An AV-8B Harrier belonging to Marine Attack Squadron 311 taxis after landing aboard the USS Bonhomme Richard (LHD 6) while underway in the Pacific Ocean, June 9, 2017. VMA-311 is the 31st Marine Expeditionary Unit’s fixed-wing attack asset and is currently attached to Marine Medium Tiltrotor Squadron 265 (Reinforced), the 31st MEU’s Aviation Combat Element. During the flight the Harrier’s pilot fired the Advanced Precision Kill Weapon System (APKWS), a laser-guided rocket, for the first time in the Indo-Asia-Pacific region. The 31st MEU partners with the Navy’s Amphibious Squadron 11 to form amphibious component of the Bonhomme Richard Expeditionary Strike Group. The 31st MEU and PHIBRON 11 combine to provide a cohesive blue-green team capable of accomplishing a variety of missions across the Indo-Asia-Pacific. (Photo by Lance Cpl. Stormy Mendez)
Aviation Boatswain™s Mate (Handling) 2nd Class Morgan Jackson, from Los Angeles, gives the signal for an AV-8B Harrier, assigned to the Ridge Runners of Marine Medium Tiltrotor Squadron (VMM) 163, to take off from the flight deck of the amphibious assault ship USS Makin Island (LHD 8), April 12, 2017. Makin Island, the flagship for the Makin Island Amphibious Ready Group, with the embarked 11th Marine Expeditionary Unit, is operating in the Indo-Asia-Pacific region to enhance amphibious capability with regional partners and to serve as a ready-response force for any type of contingency. (Photo by U.S. Navy photo by Mass Communication Specialist 3rd Class Devin M. Langer)
U.S. Marines with Marine Attack Squadron (VMA) 311 inspect and conduct maintenance on an AV-8B Harrier during Exercise MAX THUNDER 17 at Kunsan Air Base, Republic of Korea, April 18, 2017. Max Thunder serves as an opportunity for U.S. and ROK forces to train together and sharpen tactical skills for the defense of the Asia-Pacific region. It is an annual military-flying exercise built to promote interoperability between U.S. and ROK forces. (Photo by Lance Cpl. Carlos Jimenez)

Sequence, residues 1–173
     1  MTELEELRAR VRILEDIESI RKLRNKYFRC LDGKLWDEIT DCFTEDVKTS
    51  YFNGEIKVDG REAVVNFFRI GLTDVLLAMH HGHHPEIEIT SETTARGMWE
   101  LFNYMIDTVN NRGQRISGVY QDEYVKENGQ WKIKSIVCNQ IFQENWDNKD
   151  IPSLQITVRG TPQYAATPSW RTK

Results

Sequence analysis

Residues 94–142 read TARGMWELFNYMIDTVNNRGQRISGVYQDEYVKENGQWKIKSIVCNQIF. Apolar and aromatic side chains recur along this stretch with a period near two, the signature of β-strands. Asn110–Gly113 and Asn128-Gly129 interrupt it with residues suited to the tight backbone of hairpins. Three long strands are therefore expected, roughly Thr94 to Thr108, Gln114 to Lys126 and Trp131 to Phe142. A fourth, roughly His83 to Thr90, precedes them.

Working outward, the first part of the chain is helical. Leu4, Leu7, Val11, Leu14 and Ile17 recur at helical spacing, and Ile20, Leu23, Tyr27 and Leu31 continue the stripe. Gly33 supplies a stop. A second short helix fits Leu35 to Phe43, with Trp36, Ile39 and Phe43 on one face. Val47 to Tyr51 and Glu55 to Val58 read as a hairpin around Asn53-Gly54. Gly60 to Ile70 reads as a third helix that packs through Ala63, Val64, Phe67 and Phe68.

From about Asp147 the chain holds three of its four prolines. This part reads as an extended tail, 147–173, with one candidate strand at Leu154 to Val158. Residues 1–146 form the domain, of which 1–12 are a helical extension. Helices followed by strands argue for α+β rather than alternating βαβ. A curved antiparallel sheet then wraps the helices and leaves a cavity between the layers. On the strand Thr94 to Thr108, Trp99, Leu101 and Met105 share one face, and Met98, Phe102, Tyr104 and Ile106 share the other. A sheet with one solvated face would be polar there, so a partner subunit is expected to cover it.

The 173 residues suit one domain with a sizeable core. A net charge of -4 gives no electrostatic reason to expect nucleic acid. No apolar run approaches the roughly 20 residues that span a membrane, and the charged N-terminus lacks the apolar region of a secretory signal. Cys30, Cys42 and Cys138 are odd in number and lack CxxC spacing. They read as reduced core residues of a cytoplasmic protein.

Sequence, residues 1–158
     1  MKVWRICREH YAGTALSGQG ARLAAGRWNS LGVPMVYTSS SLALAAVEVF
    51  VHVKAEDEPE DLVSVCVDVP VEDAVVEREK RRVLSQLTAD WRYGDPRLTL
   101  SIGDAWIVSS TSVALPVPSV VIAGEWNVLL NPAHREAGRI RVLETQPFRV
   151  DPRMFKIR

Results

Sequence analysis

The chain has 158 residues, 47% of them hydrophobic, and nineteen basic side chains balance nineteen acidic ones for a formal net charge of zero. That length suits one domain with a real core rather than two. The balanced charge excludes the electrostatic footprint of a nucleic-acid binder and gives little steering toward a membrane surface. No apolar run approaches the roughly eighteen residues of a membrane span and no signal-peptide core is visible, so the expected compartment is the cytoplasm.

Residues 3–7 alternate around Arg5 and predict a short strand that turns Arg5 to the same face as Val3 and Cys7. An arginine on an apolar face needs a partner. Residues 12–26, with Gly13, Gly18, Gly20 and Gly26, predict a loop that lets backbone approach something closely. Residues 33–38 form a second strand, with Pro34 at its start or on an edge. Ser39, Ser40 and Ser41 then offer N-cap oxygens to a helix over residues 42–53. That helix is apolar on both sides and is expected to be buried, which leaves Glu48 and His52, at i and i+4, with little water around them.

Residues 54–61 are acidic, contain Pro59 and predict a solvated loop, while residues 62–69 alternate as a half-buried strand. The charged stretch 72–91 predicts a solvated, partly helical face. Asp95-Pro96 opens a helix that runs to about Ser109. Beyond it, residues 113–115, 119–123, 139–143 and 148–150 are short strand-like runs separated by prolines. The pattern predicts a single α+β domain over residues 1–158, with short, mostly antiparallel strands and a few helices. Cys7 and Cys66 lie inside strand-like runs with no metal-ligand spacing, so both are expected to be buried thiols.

USS BONHOMME RICHARD, Pacific Ocean -- Marines with Marine Attack Squadron 311 (VMA-311), currently attached to Marine Medium Tiltrotor Squadron 265 (Reinforced), conducted training with the Advanced Precision Kill Weapon System for the first time in the Indo-Asia-Pacific region during live-fire training in the skies above the W-183 range training area, Okinawa, Japan, June 9, 2017.
VMA-311 pilots fly AV-8B Harrier jets – fixed-wing aircraft capable of operating from the flight decks of amphibious warfare vessels.
The Harriers launched from the USS Bonhomme Richard (LHD 6), the flagship of the Bonhomme Richard Expeditionary Strike Group. VMM-265 is the Aviation Combat Element of the 31st Marine Expeditionary Unit, which is currently embarked aboard the ships of the BHR ESG for a routine patrol of the Indo-Asia-Pacific region.
The APKWS is a low-cost, laser-guided, modular system that attaches to unguided munitions. The APKWS gives Harrier pilots a lighter, precision air-to-ground attack option. Harrier pilots usually fire unguided rockets or drop unguided 500 pound bombs to destroy enemy threats, according to Capt. Paul M. Gucwa, a Harrier pilot with VMA-311.
“We took eight shots and hit the target with all eight, and every single one of them was perfect,” said Gucwa. “It worked completely as advertised. From bringing the system up from the bottom of the ship all the way to putting them on the target, it all went absolutely outstanding.”
Before mounting the weapons, VMA-311 aviation ordnance Marines pulled eight 2.75 inch rockets out of the BHR’s munitions magazines, where ordnance is stored when the ship is underway. They then affixed the APKWSs to a pair of Harriers before the pilots departed the BHR, said Chief Warrant Officer 3 Eric J. McCoy.
“It’s incredible to see the pilots come back with no ordnance after seeing my Marines out on the flight deck training and sweating under the sun,” said McCoy.
Throughout the training, aviation ordnance Marines worked alongside their Navy counterparts on the flight deck to prepare the AKPWS and to ensure safety for all involved. According to McCoy, refining the Navy-Marine Corps team was a supplementary goal of the exercise.
“Not only did we conduct this exercise to test VMA-311’s ability to tactically employ the weapon system, but also to test both VMA-311 and our Navy partners’ proficiency at supporting the ESG’s mission,” said McCoy.
The 31st MEU partners with the Navy’s Amphibious Squadron 11 to form the amphibious component of the BHR ESG. The 31st MEU and PHIBRON 11 combine to provide a cohesive blue-green team capable of accomplishing a variety of missions across the Indo-Asia-Pacific.